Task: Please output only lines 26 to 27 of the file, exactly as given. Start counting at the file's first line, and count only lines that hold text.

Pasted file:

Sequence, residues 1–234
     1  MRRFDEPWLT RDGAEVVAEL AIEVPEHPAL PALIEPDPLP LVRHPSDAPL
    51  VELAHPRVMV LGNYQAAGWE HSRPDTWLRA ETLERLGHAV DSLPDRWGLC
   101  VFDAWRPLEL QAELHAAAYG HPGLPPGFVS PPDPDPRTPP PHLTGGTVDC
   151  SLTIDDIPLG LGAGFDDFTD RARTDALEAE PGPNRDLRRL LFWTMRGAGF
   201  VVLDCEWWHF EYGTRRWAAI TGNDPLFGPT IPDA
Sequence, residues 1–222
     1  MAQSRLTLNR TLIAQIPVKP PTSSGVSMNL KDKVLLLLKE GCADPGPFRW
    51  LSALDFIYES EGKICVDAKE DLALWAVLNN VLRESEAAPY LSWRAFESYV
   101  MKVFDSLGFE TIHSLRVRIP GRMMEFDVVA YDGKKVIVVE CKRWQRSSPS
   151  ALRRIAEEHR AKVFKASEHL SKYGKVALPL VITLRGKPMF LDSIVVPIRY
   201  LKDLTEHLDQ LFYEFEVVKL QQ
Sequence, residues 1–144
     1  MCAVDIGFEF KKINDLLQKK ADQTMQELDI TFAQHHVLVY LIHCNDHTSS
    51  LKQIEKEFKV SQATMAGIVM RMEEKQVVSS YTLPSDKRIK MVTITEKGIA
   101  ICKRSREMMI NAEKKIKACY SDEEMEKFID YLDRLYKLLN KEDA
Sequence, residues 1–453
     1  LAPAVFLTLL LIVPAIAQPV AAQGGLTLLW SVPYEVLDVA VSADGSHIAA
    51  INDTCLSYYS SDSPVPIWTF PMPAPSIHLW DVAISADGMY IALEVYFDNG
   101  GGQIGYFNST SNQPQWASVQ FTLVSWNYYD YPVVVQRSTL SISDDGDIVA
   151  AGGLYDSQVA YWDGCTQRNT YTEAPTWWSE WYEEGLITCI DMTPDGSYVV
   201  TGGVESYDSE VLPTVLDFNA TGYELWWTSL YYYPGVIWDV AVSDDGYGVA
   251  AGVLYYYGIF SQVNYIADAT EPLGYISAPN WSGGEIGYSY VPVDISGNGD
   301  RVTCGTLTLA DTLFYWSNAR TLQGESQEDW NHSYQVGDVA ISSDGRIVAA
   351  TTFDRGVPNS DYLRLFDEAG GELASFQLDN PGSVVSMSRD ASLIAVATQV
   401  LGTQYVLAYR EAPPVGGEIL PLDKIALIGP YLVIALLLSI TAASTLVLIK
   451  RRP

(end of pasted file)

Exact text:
   401  LGTQYVLAYR EAPPVGGEIL PLDKIALIGP YLVIALLLSI TAASTLVLIK
   451  RRP